Actinic keratosis (Greek: aktis = [sun] ray, kera = horn) is a skin disease caused by UV light. It is widespread and is regarded as an early stage of a specific type of white skin cancer, squamous cell carcinoma. Actinic keratosis must always be treated as it can have life-threatening consequences.
UVA and UVB rays (sun, solarium) cause changes in the genetic material of the cells in the upper layers of the skin. As a consequence, the cells start to multiply in an uncontrolled manner. Actinic keratosis develops.
Actinic keratosis usually manifests as scaly, reddish or yellow-brown skin changes of between one millimetre and up to two centimetres in diameter. A further typical characteristic is that the affected areas of the skin feel like sandpaper. Actinic keratoses mainly develop where the skin is exposed to a lot of sun. These areas include the face and the scalp (especially bald patches in men), but also the ears, the cleavage and the backs of the hands.
Men are more commonly affected by actinic keratosis than women, as they work outdoors more often (e.g. construction industry, road construction and landscape gardening, agricultural sector) and are thus more exposed to the sun. However, people with light skin are also among those at risk as they have less natural protection from the sun. People whose immune system is permanently impaired (e.g. due to medication after an organ transplant) are also at particular risk. Finally, viruses belonging to the group of human papillomaviruses (HPV) can also favour the development of actinic keratosis.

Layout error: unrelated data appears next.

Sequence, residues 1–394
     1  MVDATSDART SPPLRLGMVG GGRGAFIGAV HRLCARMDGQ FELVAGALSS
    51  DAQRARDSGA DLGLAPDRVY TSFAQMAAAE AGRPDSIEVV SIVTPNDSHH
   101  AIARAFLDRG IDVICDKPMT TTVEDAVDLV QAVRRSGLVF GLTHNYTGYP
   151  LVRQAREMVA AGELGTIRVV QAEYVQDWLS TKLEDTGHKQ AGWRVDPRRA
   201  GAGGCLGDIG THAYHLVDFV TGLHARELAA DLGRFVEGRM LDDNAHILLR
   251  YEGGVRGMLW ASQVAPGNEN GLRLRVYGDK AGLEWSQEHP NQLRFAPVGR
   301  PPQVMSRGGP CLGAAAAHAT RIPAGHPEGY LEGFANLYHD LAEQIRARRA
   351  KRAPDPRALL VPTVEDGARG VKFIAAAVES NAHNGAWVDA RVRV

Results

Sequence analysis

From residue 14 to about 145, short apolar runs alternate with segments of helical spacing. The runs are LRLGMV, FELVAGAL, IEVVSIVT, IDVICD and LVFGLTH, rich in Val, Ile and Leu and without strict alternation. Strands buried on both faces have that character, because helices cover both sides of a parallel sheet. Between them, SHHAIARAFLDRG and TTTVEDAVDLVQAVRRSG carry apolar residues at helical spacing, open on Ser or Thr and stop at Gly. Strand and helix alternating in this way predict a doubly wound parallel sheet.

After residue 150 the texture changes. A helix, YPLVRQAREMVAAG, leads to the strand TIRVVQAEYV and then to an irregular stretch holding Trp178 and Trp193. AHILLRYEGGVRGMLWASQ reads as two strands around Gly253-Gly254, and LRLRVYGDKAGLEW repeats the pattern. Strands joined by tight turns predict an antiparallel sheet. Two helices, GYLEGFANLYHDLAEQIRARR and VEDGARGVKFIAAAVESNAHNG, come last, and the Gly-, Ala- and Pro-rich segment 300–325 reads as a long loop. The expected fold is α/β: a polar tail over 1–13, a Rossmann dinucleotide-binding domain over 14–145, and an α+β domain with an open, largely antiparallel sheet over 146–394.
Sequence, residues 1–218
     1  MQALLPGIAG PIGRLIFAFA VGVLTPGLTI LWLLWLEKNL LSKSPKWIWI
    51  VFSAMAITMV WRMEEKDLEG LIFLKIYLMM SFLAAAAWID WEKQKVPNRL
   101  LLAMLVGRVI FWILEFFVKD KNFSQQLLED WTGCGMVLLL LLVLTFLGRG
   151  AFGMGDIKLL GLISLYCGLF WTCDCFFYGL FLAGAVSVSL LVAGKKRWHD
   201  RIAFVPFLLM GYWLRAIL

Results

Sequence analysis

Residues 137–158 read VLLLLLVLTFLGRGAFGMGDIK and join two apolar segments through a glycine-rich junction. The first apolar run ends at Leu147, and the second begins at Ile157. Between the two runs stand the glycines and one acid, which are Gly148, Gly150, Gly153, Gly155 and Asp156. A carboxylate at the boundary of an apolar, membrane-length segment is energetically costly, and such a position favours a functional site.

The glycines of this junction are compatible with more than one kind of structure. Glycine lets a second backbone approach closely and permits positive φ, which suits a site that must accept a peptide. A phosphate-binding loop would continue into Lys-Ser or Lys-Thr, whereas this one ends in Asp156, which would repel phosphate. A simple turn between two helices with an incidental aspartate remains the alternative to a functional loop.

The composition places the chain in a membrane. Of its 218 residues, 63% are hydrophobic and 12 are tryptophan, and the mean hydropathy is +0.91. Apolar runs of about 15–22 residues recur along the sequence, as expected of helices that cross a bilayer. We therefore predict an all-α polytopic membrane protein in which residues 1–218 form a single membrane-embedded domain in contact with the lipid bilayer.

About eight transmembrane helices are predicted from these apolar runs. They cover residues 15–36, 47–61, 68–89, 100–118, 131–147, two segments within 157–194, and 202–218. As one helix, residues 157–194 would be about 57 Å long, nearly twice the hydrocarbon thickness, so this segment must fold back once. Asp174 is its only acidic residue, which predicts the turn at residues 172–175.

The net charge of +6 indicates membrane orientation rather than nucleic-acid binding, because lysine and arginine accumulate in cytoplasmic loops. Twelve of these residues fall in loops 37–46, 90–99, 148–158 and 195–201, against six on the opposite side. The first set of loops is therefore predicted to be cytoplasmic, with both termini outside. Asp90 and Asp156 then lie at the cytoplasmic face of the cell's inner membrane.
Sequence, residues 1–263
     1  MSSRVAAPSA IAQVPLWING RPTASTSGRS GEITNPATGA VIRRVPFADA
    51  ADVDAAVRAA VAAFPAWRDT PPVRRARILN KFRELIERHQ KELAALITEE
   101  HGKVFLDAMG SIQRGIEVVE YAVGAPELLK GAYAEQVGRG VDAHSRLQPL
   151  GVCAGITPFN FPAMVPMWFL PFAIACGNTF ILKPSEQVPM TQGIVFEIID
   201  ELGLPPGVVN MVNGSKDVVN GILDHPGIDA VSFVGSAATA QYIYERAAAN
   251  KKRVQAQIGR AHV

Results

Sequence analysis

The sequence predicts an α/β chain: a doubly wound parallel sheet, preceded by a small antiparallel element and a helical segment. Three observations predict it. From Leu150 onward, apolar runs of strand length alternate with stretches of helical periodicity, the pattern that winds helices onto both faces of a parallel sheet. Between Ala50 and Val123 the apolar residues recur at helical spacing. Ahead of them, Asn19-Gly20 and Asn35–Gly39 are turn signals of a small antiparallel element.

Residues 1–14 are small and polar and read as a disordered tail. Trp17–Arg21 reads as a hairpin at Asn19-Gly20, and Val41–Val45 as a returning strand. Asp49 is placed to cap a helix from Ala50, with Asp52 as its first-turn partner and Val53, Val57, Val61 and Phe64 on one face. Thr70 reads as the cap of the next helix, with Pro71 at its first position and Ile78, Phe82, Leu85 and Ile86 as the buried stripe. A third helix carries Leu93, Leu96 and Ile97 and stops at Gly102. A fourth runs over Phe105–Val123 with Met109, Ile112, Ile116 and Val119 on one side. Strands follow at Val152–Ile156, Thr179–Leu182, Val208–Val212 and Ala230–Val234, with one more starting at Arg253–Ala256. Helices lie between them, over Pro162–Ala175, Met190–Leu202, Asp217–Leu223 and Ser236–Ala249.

While actinic keratosis mainly occurred above the age of 50 in the past, younger people are also affected today as leisure activities have changed and solaria are visited more frequently.
Options for treatment
Actinic keratosis can usually be treated without producing any scarring and generally also as an outpatient procedure. The choice of treatment method depends on the size, depth and location of the affected area of skin, age and health status of the patient. Smaller, isolated areas of skin that are affected can, for example, be removed surgically or treated with liquid nitrogen (cryotherapy). Freezing kills the superficial skin cells in a targeted fashion, which are subsequently replaced by healthy skin cells. A caustic solution can also be applied to small changes, thereby removing them.
Therapy with specific creams or gels is possible in cases of actinic keratosis affecting large areas of skin. These must be used regularly and over several months. The affected area of skin is also first treated with cream in photodynamic therapy, making the cells that have changed particularly sensitive to light. Subsequent irradiation with a special light source (strong red light) kills the cells and these are replaced by healthy skin cells. The surrounding, healthy skin remains largely unaffected by this method.
Finally, lasers or chemical peeling, as well as devices that abrade the affected areas of skin, can also be used to treat actinic keratosis.